It was with compassion, spirit and a challenge that President Ruth Simmons welcomed the class of 2014 Sunday afternoon.
With the temperature hovering around 90 degrees, students and parents opted for chairs in the shade. "I notice that from time to time some of you get up and find your way to the lemonade stand," Simmons said to the crowd. "The next one who goes, bring one back for me, please."
She encouraged members of the University's "best class ever" to avoid over-committing their time — to find time to reflect. "Happily, the era of daydreaming is not over as of yet," she said. "Find a comfortable chair. … Grow comfortable with uncommitted time."
But she also directed the 1,503 members of the class of 2014 to contribute meaningfully to the community. "I ask that you expect and respect the fragility of the bonds of community life, and that you work with us to strengthen and restore these bonds when they are frayed," she said.
Freedom of expression must be a part of this community, she said, and students must be prepared for and open to dissenting opinion.
She exhorted the incoming students to challenge what she deemed a modern "erosion of honorable discourse."
"I suppose you watch, as I do, the discourse in our own country. And you must be frustrated, as I am from time to time, that we don't seem able to reach across the aisle," she said. "This may be the best opportunity to enlarge what you know about the human spirit."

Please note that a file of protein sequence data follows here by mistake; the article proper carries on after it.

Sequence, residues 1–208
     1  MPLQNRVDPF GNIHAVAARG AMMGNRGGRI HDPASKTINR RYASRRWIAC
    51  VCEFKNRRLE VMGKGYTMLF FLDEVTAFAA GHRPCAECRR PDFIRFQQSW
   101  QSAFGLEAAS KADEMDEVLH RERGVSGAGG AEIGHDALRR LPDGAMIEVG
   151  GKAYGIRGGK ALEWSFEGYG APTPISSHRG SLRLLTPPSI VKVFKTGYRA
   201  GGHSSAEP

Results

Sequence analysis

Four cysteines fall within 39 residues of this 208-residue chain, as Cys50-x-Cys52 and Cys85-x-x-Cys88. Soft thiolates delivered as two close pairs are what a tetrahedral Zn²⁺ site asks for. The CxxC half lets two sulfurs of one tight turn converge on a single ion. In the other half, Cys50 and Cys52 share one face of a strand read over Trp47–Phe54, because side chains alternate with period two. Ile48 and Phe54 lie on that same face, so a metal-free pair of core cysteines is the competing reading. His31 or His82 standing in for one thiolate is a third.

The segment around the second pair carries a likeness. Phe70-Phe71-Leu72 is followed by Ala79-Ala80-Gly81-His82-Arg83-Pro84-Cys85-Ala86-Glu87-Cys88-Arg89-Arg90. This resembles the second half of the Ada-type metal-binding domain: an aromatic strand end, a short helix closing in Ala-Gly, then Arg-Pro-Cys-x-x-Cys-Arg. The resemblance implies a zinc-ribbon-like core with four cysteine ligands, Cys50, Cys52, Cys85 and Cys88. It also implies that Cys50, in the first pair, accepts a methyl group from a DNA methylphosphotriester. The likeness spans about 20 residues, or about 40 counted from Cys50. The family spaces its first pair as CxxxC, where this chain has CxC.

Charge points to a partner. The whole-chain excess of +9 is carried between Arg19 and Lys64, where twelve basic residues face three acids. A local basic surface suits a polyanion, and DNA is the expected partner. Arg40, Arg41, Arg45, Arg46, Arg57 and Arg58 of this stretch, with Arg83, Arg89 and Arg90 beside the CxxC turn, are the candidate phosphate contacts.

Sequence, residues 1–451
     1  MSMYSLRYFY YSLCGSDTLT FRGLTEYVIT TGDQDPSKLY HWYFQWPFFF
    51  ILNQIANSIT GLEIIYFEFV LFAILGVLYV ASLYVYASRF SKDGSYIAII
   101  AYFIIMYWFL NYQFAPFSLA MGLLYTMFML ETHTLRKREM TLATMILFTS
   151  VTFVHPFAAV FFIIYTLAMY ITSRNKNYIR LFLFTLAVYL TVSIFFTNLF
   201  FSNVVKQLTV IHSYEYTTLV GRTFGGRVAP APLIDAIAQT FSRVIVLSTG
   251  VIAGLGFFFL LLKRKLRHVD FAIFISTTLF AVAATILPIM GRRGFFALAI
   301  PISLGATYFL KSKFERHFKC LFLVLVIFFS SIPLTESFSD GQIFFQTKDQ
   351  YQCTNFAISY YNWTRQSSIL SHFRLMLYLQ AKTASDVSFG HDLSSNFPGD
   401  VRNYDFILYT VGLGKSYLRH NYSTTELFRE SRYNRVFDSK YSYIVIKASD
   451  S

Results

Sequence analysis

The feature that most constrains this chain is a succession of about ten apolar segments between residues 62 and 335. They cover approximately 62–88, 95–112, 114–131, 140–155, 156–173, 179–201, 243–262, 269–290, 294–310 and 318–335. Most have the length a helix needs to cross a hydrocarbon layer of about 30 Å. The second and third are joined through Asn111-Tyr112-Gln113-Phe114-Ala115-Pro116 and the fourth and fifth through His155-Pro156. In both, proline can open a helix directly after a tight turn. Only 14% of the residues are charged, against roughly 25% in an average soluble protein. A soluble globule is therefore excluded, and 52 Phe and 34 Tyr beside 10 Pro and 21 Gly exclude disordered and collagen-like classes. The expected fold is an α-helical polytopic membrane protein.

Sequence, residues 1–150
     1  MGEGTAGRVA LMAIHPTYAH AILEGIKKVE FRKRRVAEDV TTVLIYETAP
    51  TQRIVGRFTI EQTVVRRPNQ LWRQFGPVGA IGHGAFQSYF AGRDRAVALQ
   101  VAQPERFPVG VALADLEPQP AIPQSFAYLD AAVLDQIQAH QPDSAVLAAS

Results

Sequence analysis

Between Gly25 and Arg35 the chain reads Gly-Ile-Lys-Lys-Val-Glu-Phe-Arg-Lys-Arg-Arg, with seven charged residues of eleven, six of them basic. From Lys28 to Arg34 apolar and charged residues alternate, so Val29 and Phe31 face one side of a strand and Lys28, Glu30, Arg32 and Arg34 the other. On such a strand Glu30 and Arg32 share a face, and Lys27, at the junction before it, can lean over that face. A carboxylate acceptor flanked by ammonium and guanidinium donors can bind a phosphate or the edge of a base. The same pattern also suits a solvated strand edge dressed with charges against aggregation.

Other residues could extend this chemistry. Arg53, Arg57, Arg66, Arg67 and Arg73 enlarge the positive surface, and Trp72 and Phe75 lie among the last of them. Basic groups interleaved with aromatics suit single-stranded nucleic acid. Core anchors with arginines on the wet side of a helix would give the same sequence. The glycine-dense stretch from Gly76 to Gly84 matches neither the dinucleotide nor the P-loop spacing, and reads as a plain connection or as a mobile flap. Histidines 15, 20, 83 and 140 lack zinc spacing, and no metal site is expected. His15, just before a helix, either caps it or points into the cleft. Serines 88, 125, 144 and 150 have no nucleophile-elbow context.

Dean of the College Katherine Bergeron and Undergraduate Council of Students President Diane Mokoro '11 also spoke, encouraging students to take advantage of every moment as an opportunity to learn and to approach the next four years with openness and a free spirit. "We chose you. Thank you for choosing us. And welcome to Brown University," Mokoro said.
Bergeron drew connections to "The Dew Breaker," a novel by Edwidge Danticat MFA'93. Freshmen read the novel — which chronicles Haitian expatriates living in New York in the late 20th century — over the summer, and will participate in small group discussions Monday.
The President's welcome falls on the second of ten days of the official orientation period, which stretches through Labor Day on Sept. 6.
This year's orientation schedule is similar to that of years past, with some changes to smaller events, said Associate Dean of Student Life Kisa Takesue '88, who is orientation coordinator.
Events and activities are aimed at introducing new students to the University and its community, she said, including elements of extracurricular activities, the educational philosophy of the Open Curriculum and student life on campus.
But orientation is important socially, as well, said Eleanor Smith '11, an Orientation Welcoming Committee chair.
Parents were encouraged to leave their children following Simmons' address yesterday afternoon.
There have been no major hitches so far, and the first night's ice cream social went smoothly, Smith said.
Heidi Caldwell '14 arrived last Tuesday to begin training for the cross country team. "It's been nice to finally get into the dining hall," she said. First-years ate in the Sharpe Refectory for the first time with their freshman units Sunday evening.
The first day's orientation exceeded the expectations of at least one freshman. "Forced bonding never sounds that attractive," said Maria Mastanduno '14. "But so far, it's been very good."
Her father, Mark Mastanduno P'14, agreed.